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Salespeople need to be creative and imaginative to increase their books of business, two consultants say.

Continuing to conduct business the same way while expecting a different result is "insanity," they warn.

"If you want a different result, think about the ways you have been doing things," said Mary Eisenhart, a consultant with FAI, a management consulting firm in Mill Creek, Wash.

That advice was provided at a session on generating new business at the Independent Insurance Agents of America Inc.'s 103rd annual conference, held in Boston last month.

An often-overlooked method to increase business is to set clear, written sales goals for both the salesperson and the agency, Ms. Eisenhart said.

"People cannot perform without goal-setting," she said. "Make it part of the process to turn in your goals," she continued.

But the goals cannot be determined by the agency for the salesperson. Instead, the agency and the salesperson must jointly set a goal high enough to satisfy the agency but realistic for the salesperson to achieve.

One way of doing this is to tie titles, such as "producer," to a goal level. For example, if the salesperson's goal is not high enough, his or her title can be changed to "account executive" to distinguish that person from a high-achieving producer, said Vernell Hogan, vp, strategic partner-business development for USI Insurance Services Corp. in Virginia Beach, Va.

Also, each salesperson's goals should fit with the agency's larger goals. "You have to reward the behavior you want," Ms. Eisenhart said.

But just setting a goal is not enough. An agency must provide the proper support to allow salespeople to succeed. And there must be follow-up to constantly measure the salesperson's success and to provide feedback.

The consultants said they have heard numerous complaints from salespeople who come into the insurance field from other industries about poor management in insurance sales. This

poor management can lead to frustration and a lack of motivation.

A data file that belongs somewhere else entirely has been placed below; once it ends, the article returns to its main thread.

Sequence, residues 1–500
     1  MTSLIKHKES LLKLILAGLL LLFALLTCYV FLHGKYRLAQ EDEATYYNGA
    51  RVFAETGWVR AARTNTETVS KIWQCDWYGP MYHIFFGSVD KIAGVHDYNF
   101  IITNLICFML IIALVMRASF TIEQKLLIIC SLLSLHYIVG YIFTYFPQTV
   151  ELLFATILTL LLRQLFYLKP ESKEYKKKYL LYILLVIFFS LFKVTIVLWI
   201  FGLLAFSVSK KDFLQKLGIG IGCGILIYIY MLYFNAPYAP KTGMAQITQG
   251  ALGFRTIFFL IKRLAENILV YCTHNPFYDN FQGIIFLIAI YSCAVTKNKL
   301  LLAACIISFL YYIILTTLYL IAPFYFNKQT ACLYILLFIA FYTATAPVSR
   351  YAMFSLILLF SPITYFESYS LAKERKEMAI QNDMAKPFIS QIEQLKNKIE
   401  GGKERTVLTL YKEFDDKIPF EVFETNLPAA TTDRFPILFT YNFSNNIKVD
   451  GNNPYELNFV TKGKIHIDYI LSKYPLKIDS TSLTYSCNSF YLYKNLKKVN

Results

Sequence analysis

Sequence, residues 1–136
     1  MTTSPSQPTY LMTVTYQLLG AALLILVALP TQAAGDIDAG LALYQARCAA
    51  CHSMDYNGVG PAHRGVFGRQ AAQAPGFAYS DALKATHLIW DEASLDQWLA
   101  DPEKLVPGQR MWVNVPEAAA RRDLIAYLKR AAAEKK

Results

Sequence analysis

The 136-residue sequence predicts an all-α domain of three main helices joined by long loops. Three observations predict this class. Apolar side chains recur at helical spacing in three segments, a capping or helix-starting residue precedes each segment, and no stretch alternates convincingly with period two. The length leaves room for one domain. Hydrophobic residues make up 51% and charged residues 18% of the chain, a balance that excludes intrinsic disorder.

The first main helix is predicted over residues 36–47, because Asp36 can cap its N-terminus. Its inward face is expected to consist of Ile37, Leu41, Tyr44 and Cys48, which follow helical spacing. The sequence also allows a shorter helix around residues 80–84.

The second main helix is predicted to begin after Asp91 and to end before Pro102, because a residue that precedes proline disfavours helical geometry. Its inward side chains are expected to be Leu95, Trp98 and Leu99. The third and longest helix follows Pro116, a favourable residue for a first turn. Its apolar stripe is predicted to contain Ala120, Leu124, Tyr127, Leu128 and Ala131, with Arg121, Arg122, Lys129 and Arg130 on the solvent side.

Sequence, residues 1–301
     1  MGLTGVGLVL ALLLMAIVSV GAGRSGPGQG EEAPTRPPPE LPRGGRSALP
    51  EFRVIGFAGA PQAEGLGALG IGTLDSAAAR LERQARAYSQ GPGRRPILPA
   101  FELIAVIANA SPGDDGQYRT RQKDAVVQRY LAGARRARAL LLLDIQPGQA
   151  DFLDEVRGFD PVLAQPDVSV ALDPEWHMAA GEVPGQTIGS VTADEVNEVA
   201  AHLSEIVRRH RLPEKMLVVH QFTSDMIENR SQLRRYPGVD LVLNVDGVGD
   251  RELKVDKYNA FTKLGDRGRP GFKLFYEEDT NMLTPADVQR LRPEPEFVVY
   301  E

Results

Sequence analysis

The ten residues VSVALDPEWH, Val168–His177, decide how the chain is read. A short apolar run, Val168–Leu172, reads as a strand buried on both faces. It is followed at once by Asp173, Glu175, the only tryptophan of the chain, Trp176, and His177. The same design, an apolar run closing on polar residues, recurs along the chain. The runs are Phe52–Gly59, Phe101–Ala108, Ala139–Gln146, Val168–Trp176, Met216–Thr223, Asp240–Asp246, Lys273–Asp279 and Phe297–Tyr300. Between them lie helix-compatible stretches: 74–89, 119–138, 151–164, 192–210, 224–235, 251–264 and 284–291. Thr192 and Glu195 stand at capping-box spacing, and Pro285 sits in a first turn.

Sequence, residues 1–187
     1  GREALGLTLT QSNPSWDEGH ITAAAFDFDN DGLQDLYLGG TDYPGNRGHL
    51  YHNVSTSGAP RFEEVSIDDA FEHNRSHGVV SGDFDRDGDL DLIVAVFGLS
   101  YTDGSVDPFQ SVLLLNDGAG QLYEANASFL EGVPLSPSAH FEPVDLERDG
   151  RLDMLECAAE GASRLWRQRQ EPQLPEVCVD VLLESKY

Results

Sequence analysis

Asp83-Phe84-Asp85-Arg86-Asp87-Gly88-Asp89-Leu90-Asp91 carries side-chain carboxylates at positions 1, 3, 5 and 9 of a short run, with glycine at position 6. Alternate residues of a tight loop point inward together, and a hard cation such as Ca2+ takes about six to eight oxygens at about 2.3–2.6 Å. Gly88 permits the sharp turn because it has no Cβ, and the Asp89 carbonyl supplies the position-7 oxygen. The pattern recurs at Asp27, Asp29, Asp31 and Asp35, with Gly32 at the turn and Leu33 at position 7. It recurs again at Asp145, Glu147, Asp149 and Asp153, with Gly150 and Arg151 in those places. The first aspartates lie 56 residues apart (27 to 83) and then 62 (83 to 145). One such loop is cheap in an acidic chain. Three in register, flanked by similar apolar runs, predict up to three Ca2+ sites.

Perhaps the most important way to generate more business is to change the approach to selling. Potential clients respond better to a sales approach based on empathy rather than a hard sell.

"People like to buy, but nobody likes to be sold," Ms. Eisenhart said.

The consultants recommended that the salesperson consider how to meet the client's needs, not how to sell a policy. This strategy allows an agency to sell more policies to the same client by listening to what that client requires. This approach can provide the agency relief from the soft market by allowing it to write more policies.

Better customer service also will help improve business, the consultants said. Insurance agencies are compared not just with other agencies but with other financial service firms that have set the standard for service. Clients also want faster service and will change agencies if they don't get the service they want.

One technique mentioned to help with customer service is to introduce the customer service representative to the customer soon after the policy is signed. This introduction gives customers the confidence that someone is working for them and generally makes the customer service representative more responsive to the customers' needs. An added benefit is that this introduction removes the salesperson from service responsibilities, freeing up his or her time to bring in new business.

Another imaginative way to increase business is by hosting seminars. This can be done, for example, by bringing in an attorney to discuss employment law, after which the salesperson can discuss the advantages of employment practices liability coverage. Ms. Hogan recommends inviting both current and prospective clients, as the current clients usually tout the agency's good work. And by teaming up with a local expert, such as an attorney, that person's clients and prospects also can attend, increasing the potential for new customers.

Ms. Eisenhart said many insurance companies will help in finding an expert or a panel of experts for presentations.